“How are you hanging in there?” seems to be a question we’re all hearing lately. Maybe we reply: ‘Actually, I’ve found the joys of baking,’ or, ‘I’ve been examining my life goals and spending time with family.’ We’re probably not saying, ‘I’ve been having a two-month long panic attack,’ even though many of us are feeling extra anxious.
One of the quirks about COVID-19 is that many of its symptoms—shortness of breath, dry throat, loss of taste, hot flashes—are similar to anxiety. Anxiety can be crippling and create real health problems. So, we encourage you to take your mental health as seriously as your physical health—especially in this monumentally difficult time.
Athletic people often underestimate the importance of mental health. Beyond the way pain is glorified in workouts, we tend to think that if we’re taking care of our bodies, then nothing else matters. It’s hard to even imagine a depressed bodybuilder. We're trying, right now, and all we can picture is a forlorn Dwayne ‘The Rock’ Johnson on a creaky swing set. He stares at his empty ice cream cone, a dollop of mint chocolate chip melting at his feet, as a single tear rolls down his slab-like cheek. But of course there’s a reason all we can picture is this ludicrous image. It’s because we—especially guys—are encouraged to ignore pain and suffer alone, even when it’s neither smart nor healthy. Even if you’re ridiculously buff, you need to take care of your mind.
We don’t have all the answers, but we do have a few thoughts on healthy coping mechanisms during this time.
Vitamin D deficiency is real and is linked to fatigue, depression and bone density issues. Antarctic researchers, in their yearly month of forever night, use vitamin D supplements.
Yoga, especially, is helpful for relieving tension and the little aches and pains that accumulate over these stressful days.
While these supplements are probably just a pill, we’re going to imagine a big comfy tanning bed that they share with the penguins. Get some sun, if you can.
Exercise is another big boost. An endorphin boost can be a great help for your daily mood, no matter what workout you do. Yoga, especially, is helpful for relieving tension and the little aches and pains that accumulate over these stressful days. Of course, for how helpful yoga is, some of us find it rather dull, so check out some online videos and do what the bendy lady does.
Let’s be honest. Right now, there’s no real reason to do anything other than binge watch series after series on Netflix until someone fixes everything.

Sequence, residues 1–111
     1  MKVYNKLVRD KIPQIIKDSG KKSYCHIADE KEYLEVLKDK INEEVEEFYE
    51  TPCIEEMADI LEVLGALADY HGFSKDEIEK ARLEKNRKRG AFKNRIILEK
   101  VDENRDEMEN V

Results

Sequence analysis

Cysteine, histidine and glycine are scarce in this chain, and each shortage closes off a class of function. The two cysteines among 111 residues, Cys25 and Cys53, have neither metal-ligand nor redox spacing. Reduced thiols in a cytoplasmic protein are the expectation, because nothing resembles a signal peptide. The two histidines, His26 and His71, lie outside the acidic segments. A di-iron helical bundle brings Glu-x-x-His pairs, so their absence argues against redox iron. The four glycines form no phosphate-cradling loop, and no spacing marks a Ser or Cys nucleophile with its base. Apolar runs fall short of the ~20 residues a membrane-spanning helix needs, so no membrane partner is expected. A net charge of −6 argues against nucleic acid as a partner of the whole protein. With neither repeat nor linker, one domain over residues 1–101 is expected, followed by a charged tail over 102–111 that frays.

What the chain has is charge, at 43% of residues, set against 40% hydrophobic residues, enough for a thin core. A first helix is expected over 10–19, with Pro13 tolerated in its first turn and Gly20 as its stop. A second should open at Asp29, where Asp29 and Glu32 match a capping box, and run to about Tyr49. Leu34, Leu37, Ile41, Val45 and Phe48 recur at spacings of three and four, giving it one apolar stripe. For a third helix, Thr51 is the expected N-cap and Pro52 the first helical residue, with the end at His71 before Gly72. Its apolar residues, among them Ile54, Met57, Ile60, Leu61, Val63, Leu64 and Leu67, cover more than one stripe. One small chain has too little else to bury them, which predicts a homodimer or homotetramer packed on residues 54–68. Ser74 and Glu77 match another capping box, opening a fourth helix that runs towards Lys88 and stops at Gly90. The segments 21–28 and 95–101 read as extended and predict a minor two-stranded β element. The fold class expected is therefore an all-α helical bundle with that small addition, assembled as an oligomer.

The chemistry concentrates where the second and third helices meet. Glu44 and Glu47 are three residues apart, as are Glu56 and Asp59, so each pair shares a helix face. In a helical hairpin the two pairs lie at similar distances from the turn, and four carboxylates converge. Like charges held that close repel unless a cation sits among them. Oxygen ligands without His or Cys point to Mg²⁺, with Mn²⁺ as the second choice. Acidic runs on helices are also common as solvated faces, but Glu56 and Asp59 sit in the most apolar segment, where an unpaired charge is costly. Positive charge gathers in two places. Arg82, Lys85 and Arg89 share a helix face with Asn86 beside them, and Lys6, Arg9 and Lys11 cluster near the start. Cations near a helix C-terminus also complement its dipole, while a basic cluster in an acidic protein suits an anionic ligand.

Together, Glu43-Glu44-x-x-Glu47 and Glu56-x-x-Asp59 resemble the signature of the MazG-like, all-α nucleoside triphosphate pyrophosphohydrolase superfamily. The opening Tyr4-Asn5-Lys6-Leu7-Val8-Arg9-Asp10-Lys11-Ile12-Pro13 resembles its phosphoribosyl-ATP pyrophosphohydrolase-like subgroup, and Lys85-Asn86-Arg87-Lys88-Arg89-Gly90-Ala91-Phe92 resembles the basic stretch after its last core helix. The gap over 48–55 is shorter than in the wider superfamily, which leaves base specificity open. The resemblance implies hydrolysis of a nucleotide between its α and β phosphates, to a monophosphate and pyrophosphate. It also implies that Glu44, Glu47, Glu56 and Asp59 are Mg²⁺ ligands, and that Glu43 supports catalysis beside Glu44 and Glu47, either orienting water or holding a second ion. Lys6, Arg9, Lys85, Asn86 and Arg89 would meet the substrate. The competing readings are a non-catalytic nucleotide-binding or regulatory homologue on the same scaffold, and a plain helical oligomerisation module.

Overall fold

Seeing human faces is good for you. For those of us isolating alone, this is even more important.
But, if for some reason, your eyes start to bleed and you feel a crippling sense of ennui, here are a few virtual backup options.
The viewing party. Though we’re all drowning in content, sharing a movie or show with friends or family from afar is much more fun than watching it alone. With third-party apps like Netflix Party and Twitch, multiple people can experience and chat over the same movie or show simultaneously. Combine a movie night with some virtual party group games—like the always entertaining Jackbox Party Pack—and it’s almost like you’re really hanging out with the buds.
Seeing human faces is good for you. For those of us isolating alone, this is even more important. Luckily, we’re isolating in 2020. Back in the day, you’d have to yell out the window, or at the mirror. Now, with innumerable video chat apps, you can actually see each other. Now, everyone can try to talk at once, then yell ‘what?’ at each other, just like how we used to in the bars.
At Willy, we’re providing 3 face masks to hospitals for every purchase made. Giving is important right now—but even if you don’t have the funds to donate, we encourage you to reach out to your neighbors and friends. Elderly and at-risk people can use our help picking up groceries and prescriptions.
A simple phone call to an old friend might make both of you feel better than anything.
Calling a friend you haven’t spoken to in years might make their day and rekindle your bond. Depression tends to focus our minds inwards and it can be hard or shameful to reach out for help. A simple phone call to an old friend might make both of you feel better than anything.
Nostalgia blinds us, makes us think that, say, Face/Off was actually a great movie. But years from now, you may fondly recall the days you got to spend with your family or roommates. Soon enough, we’ll all be back to the grind. You may regret not enjoying your extra time with your housemates.
If you’ve never cooked before, this is the time to light things on fire.
And, while it is cliché, this is a great time to experiment in the kitchen. If you’ve never cooked before, this is the time to light things on fire. If you’re a master, it’s time to refine that souffle and put it online so you can get those dozen likes you crave.
Social media encourages us to compare ourselves to a glamorous, productive, successful ideal that does not really exist. Even in the midst of an unprecedented pandemic, we may be feeling guilt or shame that we’re not writing the great American novel or baking all that bread.
We encourage you to be kind to yourself and find the time to take care of your mental health.
These are the days where putting on pants and watching a movie online with your friends can be called a victory. No one should be faulted for feeling frozen, or like they’re in the movie Groundhog Day. We encourage you to be kind to yourself and find the time to take care of your mental health.